Articles by Jacob Teitelbaum, M.D.Contributing Writer - Dr. Teitelbaum, also known as “Dr. T,” is an integrative physician and one of the country’s foremost experts on fatigue, sleep and pain management. The SHINE treatment program he developed for combating Chronic Fatigue Syndrome (CFS) and Fibromyalgia and related conditions has helped hundreds of thousands of sufferers reclaim their health and vitality. Dr. Teitelbaum is the Medical Director of the National Fibromyalgia and Fatigue Centers and author of the best-selling books, From Fatigued to Fantastic!, Beat Sugar Addiction Now! and Pain Free 1-2-3. Visit his web site, EndFfatigue.com, to learn more.
If your blood pressure is too low, your organs don't get the blood they need to function properly (particularly your brain). This can make you feel dizzy and light-headed when you stand up; fatigued throughout the day; and "crash" after exercise.
If your pressure is elevated, the strong rush of blood can damage blood vessels, leading to heart attack, stroke, kidney failure and other diseases.
The best blood pressure is optimal blood pressure — not too low, not too high, but "just right."
If your blood pressure is too low it's likely you'll have one or more of the symptoms I just described. But how can you tell if your blood pressure is too high? Just go to the nearest supermarket or drugstore and use the free sphygmomanometer — a fancy medical name for a machine that reads blood pressure. (It's usually near the pharmacy.)
In my opinion, blood pressure shouldn't be elevated above 140/85. I know that many experts say a much lower level is optimal. But in my practice, I've found that lowering blood pressure below 140/80 is, especially in people with fatigue, more likely to cause side effects, and offers diminishing returns. So at that point, optimizing blood pressure with lifestyle and natural changes is the approach I prefer.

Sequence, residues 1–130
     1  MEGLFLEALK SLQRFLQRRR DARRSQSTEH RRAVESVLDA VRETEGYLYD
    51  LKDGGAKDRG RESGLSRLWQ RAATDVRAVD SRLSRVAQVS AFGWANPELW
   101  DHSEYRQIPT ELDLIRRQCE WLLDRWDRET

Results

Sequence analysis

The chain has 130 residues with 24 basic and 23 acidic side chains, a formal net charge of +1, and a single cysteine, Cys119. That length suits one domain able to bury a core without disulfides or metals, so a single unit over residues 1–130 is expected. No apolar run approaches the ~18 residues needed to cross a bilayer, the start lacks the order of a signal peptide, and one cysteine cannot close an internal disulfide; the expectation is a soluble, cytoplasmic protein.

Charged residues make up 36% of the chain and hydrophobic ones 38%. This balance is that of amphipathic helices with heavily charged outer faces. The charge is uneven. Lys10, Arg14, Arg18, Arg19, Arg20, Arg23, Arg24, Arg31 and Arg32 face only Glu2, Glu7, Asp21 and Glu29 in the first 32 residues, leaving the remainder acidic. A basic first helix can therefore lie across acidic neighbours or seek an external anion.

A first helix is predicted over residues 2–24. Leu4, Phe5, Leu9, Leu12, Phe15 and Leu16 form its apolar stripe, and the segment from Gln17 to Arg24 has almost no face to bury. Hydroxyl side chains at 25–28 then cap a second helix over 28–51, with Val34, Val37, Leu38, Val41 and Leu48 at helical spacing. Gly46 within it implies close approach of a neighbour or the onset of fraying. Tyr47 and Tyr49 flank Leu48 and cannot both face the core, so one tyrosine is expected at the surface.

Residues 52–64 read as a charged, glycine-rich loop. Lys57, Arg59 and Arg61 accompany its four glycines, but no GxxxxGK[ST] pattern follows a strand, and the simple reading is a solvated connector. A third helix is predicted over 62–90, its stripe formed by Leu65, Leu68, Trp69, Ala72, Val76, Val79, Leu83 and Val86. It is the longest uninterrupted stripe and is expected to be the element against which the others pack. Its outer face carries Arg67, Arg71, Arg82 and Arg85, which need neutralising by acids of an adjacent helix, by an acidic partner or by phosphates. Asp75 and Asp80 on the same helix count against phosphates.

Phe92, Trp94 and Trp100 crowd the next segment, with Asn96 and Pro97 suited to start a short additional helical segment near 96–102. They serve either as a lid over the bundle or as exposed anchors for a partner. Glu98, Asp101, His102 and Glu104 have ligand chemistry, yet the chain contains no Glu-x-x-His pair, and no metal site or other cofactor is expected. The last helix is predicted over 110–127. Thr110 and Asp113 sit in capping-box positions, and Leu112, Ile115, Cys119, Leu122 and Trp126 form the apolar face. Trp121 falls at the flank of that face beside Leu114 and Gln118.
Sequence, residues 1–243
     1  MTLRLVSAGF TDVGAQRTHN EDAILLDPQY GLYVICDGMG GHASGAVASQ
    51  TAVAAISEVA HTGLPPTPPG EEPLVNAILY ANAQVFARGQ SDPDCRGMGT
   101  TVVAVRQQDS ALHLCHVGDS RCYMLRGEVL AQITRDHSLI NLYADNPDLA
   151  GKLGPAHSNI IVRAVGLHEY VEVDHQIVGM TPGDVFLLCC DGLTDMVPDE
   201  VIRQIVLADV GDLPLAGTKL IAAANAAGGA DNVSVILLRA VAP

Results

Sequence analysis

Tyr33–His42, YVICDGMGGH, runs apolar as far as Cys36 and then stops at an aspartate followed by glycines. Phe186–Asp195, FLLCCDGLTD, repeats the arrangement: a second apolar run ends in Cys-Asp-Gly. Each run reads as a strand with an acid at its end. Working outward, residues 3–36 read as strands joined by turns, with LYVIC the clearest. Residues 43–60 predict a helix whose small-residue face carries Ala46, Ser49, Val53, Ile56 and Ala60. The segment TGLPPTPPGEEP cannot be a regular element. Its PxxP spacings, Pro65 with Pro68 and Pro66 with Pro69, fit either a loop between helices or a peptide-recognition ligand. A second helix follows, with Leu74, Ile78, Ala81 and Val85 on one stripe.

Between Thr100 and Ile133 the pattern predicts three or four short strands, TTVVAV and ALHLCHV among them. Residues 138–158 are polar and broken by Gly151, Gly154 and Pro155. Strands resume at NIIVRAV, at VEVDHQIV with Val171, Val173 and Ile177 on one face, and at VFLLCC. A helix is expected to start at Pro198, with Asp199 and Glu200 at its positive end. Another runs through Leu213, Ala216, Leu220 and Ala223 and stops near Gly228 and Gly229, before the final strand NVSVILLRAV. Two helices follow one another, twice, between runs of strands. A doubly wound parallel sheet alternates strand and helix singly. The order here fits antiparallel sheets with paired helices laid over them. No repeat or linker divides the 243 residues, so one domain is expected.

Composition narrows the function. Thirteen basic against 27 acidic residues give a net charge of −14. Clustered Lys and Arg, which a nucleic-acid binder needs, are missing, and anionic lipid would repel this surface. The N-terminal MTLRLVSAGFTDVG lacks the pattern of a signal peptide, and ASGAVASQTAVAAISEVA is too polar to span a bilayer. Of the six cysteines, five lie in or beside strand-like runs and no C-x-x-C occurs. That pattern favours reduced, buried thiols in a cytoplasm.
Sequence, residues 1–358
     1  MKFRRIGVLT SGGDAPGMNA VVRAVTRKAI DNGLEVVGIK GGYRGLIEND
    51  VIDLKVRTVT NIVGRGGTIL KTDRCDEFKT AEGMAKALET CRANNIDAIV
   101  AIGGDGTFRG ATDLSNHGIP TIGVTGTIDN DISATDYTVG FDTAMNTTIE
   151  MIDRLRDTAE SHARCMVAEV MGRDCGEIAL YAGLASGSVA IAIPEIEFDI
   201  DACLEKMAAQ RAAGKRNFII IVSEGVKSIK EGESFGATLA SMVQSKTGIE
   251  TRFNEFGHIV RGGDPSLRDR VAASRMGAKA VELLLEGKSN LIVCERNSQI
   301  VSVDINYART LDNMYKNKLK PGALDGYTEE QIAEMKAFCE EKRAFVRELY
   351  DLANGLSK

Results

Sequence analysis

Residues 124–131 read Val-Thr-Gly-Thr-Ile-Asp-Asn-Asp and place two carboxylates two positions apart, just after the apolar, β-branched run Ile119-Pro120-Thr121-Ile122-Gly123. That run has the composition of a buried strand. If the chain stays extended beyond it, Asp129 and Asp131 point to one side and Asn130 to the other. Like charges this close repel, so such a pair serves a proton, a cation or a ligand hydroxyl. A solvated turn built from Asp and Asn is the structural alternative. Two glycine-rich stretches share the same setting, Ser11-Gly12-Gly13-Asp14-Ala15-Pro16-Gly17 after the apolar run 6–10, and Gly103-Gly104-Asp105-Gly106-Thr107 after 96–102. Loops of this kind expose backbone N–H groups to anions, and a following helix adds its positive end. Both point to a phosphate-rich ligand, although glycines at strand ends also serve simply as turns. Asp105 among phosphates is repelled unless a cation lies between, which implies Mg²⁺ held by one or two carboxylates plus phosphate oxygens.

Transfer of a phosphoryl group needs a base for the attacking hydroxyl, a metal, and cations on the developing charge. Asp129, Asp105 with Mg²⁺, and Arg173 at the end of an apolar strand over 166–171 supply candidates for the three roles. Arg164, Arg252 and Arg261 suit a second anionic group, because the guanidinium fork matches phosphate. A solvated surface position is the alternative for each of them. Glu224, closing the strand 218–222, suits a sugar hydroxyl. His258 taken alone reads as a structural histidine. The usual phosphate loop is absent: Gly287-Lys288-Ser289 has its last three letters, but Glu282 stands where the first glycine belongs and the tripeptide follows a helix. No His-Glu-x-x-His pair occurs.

1. Don't Sweat the Salt
The role of salt in elevated blood pressure is overemphasized. The level of salt that most people eat does not contribute significantly to the problem. In fact, study after study shows that people who restrict salt to the level recommended by the government die younger than those eat more salt.
Further, the level of salt restriction necessary to lower blood pressure is so severe that most people can't do it and just end up feeling guilty — which is certainly not good for health!
So you may not need to torture yourself about the salt. Instead, I recommend people just aim to be reasonable.
As for those with low blood pressure: They need to increase their salt (and water) intake to optimize pressure levels.
2. Get Potassium and Magnesium in Your Diet
Research shows that elevated blood pressure usually isn't the result of too much salt, but rather of too little potassium, another key mineral.
To get your potassium, I recommend one or two of the following every day:
Eat a banana (slicing one over a bowl of whole grain breakfast cereal is a great way).
Eat one half of an avocado, which also delivers a big dose of potassium.
Drink an eight-ounce glass of V8 juice, tomato juice and/or coconut water — all rich sources of potassium.
Magnesium is another mineral that helps promote healthy blood pressure. You can get this from your diet be eating green leafy vegetables and nuts (especially almonds).
Other nutrients and nutritional compounds that help maintain healthy blood pressure and promote healthy heart function include ribose, coenzyme Q10, and B vitamins.
3. Exercise Regularly
Exercise helps optimize blood pressure, whether it's elevated or low. The best exercise? A walk outdoors in the sunshine, which also delivers vitamin D (the "sunshine vitamin"), a nutrient critical for maintaining healthy blood pressure.23.
4. Check Testosterone Levels (Men Only)
Inadequate levels of testosterone, even if they are low normal, can cause elevated blood pressure. Often, it will also cause high cholesterol and sometimes even diabetes (a common trio called "metabolic syndrome"). If you have high blood pressure, you should have your testosterone levels checked. That it is "normal" means nothing. I recommend it be kept over 450 ng/dl (and usually closer to 750).